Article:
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Governmental Colonizing Rhetoric During Indian Removal

Governmental Colonizing Rhetoric During Indian Removal

Chapter:
(p.37) Chapter Two Governmental Colonizing Rhetoric During Indian Removal
Source:
American Indians and the Rhetoric of Removal and Allotment
Author(s):
Jason Edward Black
Publisher:
University Press of Mississippi
DOI:10.14325/mississippi/9781628461961.003.0003

Chapter Two examines colonizing U.S. governmental discourse surrounding the Indian Removal Act of 1830 by positioning it in the crucible of Jacksonian era ideologies. Specifically, the chapter contends that as the executive, legislative and judicial branches codified the removal policy they overcame disagreements regarding Native policies and American Indian identities. The Indian removal debate significantly reduced such uncertainties for U.S. leaders and constructed American Indians as perpetual wards of a paternal government. These colonizing identity dynamics would remain intact until the dawning of the allotment era in the 1880s. The government’s removal era rhetoric punctuated the colonized identities of itself and Native communities by fomenting a cultural hierarchy.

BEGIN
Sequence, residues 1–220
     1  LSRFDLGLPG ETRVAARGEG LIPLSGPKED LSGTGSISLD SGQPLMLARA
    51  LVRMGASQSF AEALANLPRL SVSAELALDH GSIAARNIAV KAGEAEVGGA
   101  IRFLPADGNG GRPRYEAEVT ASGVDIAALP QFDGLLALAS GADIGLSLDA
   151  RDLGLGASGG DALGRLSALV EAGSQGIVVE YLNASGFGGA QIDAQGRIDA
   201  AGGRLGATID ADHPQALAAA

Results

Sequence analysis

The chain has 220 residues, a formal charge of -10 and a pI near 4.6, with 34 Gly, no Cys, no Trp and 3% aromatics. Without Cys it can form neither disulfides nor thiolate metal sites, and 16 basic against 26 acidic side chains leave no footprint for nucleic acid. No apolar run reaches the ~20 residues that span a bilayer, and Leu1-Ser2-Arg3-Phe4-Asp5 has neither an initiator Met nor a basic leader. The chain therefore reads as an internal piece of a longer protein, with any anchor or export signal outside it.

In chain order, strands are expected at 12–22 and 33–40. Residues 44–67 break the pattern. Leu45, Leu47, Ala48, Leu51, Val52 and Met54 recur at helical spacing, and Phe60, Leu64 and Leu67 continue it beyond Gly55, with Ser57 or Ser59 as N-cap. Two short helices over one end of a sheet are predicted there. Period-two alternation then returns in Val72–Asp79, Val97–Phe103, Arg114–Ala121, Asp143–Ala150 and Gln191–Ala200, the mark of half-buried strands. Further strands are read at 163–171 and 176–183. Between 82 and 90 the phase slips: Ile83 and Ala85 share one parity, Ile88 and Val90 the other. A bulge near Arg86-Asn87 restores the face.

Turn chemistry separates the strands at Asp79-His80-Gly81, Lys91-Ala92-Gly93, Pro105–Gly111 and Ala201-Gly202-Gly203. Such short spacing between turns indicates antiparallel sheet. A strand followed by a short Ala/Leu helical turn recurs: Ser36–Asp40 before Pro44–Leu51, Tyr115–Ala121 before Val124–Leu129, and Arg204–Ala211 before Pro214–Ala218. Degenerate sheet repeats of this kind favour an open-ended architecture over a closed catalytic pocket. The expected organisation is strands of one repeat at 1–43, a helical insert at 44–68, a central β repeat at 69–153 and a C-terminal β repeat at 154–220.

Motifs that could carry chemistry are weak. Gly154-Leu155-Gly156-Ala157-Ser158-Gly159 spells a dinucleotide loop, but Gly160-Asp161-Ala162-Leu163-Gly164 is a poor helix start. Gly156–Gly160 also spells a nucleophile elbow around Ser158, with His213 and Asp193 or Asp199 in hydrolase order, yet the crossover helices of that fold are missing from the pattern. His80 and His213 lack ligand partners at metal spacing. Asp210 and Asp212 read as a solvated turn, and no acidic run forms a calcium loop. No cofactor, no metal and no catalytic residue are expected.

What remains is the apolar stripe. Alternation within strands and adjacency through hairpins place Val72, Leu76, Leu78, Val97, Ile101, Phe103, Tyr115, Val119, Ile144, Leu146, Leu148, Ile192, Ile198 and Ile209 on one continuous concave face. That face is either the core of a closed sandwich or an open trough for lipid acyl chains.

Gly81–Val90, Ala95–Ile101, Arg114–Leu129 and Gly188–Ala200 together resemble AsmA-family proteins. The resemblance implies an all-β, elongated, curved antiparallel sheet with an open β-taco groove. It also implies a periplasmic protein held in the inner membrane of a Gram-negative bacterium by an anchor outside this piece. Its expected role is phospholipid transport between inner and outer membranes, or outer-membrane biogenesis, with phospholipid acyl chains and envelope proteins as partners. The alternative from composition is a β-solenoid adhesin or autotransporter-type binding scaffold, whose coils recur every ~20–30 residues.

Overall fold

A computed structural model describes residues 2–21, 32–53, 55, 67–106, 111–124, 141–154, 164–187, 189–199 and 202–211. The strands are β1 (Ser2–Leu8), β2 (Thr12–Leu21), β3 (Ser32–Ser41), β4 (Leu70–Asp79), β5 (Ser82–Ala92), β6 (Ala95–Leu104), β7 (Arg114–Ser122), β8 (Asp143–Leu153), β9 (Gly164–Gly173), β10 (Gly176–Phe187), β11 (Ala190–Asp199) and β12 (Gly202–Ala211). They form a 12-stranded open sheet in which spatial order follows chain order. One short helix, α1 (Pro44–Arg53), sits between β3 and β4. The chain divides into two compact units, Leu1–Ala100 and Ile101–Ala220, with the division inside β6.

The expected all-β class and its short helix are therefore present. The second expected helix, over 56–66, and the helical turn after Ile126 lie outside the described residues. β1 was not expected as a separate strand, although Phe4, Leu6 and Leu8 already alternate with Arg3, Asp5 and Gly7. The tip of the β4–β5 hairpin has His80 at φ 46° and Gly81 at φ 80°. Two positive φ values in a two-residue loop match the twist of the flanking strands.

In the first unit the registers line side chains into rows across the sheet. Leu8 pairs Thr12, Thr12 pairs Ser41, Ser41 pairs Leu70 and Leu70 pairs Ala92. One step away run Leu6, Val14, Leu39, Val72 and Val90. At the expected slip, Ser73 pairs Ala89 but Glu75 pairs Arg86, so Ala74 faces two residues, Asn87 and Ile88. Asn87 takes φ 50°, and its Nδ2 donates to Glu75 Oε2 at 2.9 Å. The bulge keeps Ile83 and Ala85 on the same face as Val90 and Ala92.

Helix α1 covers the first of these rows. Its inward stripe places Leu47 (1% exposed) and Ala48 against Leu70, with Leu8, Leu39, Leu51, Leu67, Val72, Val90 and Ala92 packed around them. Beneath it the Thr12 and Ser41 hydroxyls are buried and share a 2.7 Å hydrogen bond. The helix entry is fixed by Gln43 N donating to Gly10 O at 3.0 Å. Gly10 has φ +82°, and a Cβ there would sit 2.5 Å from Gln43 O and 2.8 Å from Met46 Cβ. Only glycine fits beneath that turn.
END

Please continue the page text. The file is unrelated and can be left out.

Keywords:   Indian removal, Jacksonian ideologies, Colonization, Paternalism, American Indians

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